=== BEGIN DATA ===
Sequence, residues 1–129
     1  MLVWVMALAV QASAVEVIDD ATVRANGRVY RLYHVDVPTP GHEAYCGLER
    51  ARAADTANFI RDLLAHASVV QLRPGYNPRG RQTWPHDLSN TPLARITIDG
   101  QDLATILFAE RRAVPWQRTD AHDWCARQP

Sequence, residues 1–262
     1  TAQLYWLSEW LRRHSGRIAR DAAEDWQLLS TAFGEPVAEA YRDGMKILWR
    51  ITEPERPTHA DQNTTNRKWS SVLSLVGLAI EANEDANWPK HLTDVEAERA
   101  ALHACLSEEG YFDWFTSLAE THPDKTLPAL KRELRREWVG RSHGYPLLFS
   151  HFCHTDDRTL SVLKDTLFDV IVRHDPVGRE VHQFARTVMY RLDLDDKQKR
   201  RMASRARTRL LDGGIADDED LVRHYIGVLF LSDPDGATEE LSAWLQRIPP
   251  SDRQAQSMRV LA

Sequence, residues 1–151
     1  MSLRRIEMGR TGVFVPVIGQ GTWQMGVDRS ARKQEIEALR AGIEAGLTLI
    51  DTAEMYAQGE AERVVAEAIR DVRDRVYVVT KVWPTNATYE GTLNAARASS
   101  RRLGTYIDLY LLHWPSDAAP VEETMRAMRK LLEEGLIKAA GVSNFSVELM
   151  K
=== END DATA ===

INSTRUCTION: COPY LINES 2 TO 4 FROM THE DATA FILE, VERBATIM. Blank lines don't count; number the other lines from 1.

     1  MLVWVMALAV QASAVEVIDD ATVRANGRVY RLYHVDVPTP GHEAYCGLER
    51  ARAADTANFI RDLLAHASVV QLRPGYNPRG RQTWPHDLSN TPLARITIDG
   101  QDLATILFAE RRAVPWQRTD AHDWCARQP